China used one of its carrier rockets to send two satellites into space on Wednesday for an Argentine company, marking the first launch in a massive launch service contract with the South American satellite developer.
The NewSat 7 and 8 satellites, designed and built by Satellogic, a private Argentine company that specializes in Earth-observation satellites, were lifted atop a Long March 2D carrier rocket at the Taiyuan Satellite Launch Center in Shanxi province, State-owned space conglomerate China Aerospace Science and Technology said.
Their deployments were the first in a launch service contract signed in January last year by Satellogic and China Great Wall Industry, the international arm of China Aerospace Science and Technology.
According to the contract, Great Wall will use multiple Long March rockets to deploy 90 of Satellogic's Earth observation satellites into space from the Taiyuan center.
After all the satellites are placed in orbit, they will form an Earth-observation satellite system capable of capturing images of the entire world with a 1-meter resolution on a weekly basis. The network is expected to dramatically reduce the cost of high-frequency geospatial analytics, Great Wall said.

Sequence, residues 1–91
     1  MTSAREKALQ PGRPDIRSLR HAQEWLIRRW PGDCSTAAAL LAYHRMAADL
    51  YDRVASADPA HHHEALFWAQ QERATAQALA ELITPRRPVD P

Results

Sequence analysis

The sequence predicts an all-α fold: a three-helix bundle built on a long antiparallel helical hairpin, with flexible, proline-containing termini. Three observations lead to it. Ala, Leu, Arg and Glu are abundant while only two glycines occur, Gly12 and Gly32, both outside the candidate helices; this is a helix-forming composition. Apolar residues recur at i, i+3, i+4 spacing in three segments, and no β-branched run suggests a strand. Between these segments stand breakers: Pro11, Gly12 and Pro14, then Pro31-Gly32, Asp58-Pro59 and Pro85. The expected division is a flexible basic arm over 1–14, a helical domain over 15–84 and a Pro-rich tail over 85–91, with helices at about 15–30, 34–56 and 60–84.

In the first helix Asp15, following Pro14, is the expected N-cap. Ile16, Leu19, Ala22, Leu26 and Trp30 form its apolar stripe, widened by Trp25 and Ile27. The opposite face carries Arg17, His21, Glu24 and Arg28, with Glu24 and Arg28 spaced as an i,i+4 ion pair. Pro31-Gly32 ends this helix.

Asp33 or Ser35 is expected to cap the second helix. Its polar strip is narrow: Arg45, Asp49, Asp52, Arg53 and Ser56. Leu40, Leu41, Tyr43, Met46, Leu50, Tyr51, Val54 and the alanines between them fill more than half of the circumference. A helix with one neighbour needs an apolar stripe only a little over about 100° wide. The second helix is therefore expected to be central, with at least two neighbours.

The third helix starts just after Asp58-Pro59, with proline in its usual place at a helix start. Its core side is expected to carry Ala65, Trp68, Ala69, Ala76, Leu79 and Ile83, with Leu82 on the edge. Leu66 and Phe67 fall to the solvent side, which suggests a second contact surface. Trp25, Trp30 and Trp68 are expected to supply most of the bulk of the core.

Before the new deal, the Chinese launch service provider helped Satellogic send six satellites into orbit on Long March-series rockets.
Though financial terms of the deal were not disclosed, the deal is worth hundreds of millions of dollars, meaning it is one of the largest contracts China has obtained in the international commercial launch market in the past few years, said Fu Zhiheng, vice-president of Great Wall.
Wednesday's flight also sent a new Chinese optical remotesensing satellite for commercial use into orbit.
The satellite, the latest in the Jilin-1 satellite family, was developed by Chang Guang Satellite Technology in Jilin province. It has superwide coverage and a resolution at the sub-meter level. It is also capable of high-speed data storage and transmission.
It will work with the 15 Jilin-1 satellites already in orbit to form a constellation to provide remote-sensing data and services for governmental and industrial users.